Kilydd, a son of Prince Kelyddon, desired a wife as a helpmate,and the wife that he chose was Goleudid, the daughter of PrinceAnlawd. And after their union the people put up prayers that theymight have an heir. And they had a son through the prayers of thepeople; and called his name Kilwich.After this the boy's mother, Goleudid, the daughter of PrinceAnlawd, fell sick. Then she called her husband to her, and said tohim, "Of this sickness I shall die, and thou wilt take anotherwife. Now wives are the gift of the Lord, but it would be wrongfor thee to harm thy... Nonfictions - Post by : mlmnotes - Date : January 2011 - Author : Thomas Bulfinch - Read : 1905

The Age Of Chivalry - B. THE MABINOGEON - Chapter X. Manawyddan The Age Of Chivalry - B. THE MABINOGEON - Chapter X. Manawyddan

The Age Of Chivalry - B. THE MABINOGEON - Chapter X. Manawyddan
Pwyll and Rhiannon had a son, whom they named Pryderi. And when hewas grown up, Pwyll, his father, died. And Pryderi married Kicva,the daughter of Gwynn Gloy.Now Manawyddan returned from the war in Ireland, and he found thathis cousin had seized all his possessions, and much grief andheaviness came upon him. "Alas! woe is me!" he exclaimed; "thereis none save myself without a home and a resting-place." "Lord,"said Pryderi, "be not so sorrowful. Thy cousin is king of theIsland of the Mighty, and though he has done thee wrong, thou hastnever been a claimant of land or possessions." "Yea," answered he,"but... Nonfictions - Post by : Brian_B - Date : January 2011 - Author : Thomas Bulfinch - Read : 2312

The Age Of Chivalry - B. THE MABINOGEON - Chapter IX. Branwen, the Daughter of Llyr The Age Of Chivalry - B. THE MABINOGEON - Chapter IX. Branwen, the Daughter of Llyr

The Age Of Chivalry - B. THE MABINOGEON - Chapter IX. Branwen, the Daughter of Llyr
Bendigeid Vran, the son of Llyr, was the crowned king of thisisland, and he was exalted from the crown of London. And oneafternoon he was at Harlech, in Ardudwy, at his court; and he satupon the rock of Harlech, looking over the sea. And with him werehis brother, Manawyddan, the son of Llyr, and his brothers by themother's side, Nissyen and Evnissyen, and many nobles likewise, aswas fitting to see around a king. His two brothers by the mother'sside were the sons of Euroswydd, and one of these youths was agood youth, and of gentle nature, and would make peace between... Nonfictions - Post by : andrewteg - Date : January 2011 - Author : Thomas Bulfinch - Read : 1266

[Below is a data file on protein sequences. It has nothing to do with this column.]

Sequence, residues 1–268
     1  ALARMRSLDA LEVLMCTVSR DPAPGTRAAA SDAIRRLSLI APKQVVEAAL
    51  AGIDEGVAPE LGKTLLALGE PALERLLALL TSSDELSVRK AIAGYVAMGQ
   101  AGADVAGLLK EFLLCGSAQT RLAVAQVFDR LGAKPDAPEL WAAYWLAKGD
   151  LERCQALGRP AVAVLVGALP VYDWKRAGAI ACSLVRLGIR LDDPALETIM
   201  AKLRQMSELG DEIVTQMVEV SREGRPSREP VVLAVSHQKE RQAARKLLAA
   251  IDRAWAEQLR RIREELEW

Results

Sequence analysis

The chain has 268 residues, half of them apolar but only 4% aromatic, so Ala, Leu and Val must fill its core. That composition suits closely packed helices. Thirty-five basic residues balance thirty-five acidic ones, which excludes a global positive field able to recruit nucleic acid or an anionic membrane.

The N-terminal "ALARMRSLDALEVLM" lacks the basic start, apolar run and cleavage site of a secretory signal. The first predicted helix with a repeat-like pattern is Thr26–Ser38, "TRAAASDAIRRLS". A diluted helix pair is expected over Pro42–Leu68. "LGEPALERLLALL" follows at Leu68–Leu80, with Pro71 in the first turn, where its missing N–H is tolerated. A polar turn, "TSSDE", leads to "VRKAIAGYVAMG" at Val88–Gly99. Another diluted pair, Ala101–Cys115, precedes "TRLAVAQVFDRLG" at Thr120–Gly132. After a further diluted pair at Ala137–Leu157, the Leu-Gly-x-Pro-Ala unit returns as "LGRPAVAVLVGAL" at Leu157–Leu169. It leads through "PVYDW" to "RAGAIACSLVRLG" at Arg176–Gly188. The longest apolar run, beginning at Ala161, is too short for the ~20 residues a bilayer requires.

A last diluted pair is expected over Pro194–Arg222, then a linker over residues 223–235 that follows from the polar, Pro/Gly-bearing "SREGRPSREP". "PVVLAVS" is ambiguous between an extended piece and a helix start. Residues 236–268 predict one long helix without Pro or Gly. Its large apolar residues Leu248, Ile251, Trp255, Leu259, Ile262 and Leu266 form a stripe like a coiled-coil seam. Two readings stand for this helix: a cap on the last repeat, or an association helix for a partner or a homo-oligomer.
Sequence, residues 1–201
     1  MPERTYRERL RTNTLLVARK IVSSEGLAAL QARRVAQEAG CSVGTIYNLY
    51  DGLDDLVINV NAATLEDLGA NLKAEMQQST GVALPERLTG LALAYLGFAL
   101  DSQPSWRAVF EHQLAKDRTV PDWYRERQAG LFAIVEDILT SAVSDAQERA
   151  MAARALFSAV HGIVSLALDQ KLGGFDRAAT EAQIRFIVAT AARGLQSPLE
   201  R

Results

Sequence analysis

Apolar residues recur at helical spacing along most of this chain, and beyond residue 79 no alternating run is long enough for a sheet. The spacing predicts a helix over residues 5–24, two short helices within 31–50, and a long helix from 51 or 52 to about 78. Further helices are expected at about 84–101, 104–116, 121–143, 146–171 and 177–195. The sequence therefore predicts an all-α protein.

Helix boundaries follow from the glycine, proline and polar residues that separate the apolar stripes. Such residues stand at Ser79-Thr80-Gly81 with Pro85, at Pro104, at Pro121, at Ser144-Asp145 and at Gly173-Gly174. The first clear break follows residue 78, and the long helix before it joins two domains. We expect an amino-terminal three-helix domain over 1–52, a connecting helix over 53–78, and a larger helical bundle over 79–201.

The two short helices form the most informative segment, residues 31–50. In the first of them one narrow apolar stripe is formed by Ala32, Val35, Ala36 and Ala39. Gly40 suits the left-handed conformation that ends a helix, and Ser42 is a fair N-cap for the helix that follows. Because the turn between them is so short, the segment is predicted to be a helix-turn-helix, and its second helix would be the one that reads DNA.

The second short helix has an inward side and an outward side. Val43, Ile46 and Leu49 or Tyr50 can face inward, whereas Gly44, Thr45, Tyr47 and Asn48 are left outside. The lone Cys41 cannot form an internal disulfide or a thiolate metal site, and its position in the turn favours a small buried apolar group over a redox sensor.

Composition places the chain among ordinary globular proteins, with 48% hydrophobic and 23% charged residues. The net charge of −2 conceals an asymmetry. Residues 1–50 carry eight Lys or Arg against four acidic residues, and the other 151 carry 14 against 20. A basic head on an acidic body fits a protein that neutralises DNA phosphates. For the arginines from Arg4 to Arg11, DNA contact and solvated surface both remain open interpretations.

The Age Of Chivalry - B. THE MABINOGEON - Chapter VIII. Pwyll, Prince of Dyved The Age Of Chivalry - B. THE MABINOGEON - Chapter VIII. Pwyll, Prince of Dyved

The Age Of Chivalry - B. THE MABINOGEON - Chapter VIII. Pwyll, Prince of Dyved
Once upon a time Pwyll was at Narberth, his chief palace afeast had been prepared for him, and with him was a great host ofmen. And after the first meal Pwyll arose to walk; and he went tothe top of a mound that was above the palace, and was calledGorsedd Arberth. "Lord," said one of the court, "it is peculiar tothe mound that whosoever sits upon it cannot go thence withouteither receiving wounds or blows, or else seeing a wonder." "Ifear not to receive wounds or blows," said Pwyll; "but as to thewonder, gladly would I see it. I will... Nonfictions - Post by : sweetsuccess - Date : January 2011 - Author : Thomas Bulfinch - Read : 2479

The Age Of Chivalry - B. THE MABINOGEON - Chapter VII. Geraint, the Son of Erbin (Continued) The Age Of Chivalry - B. THE MABINOGEON - Chapter VII. Geraint, the Son of Erbin (Continued)

The Age Of Chivalry - B. THE MABINOGEON - Chapter VII. Geraint, the Son of Erbin (Continued)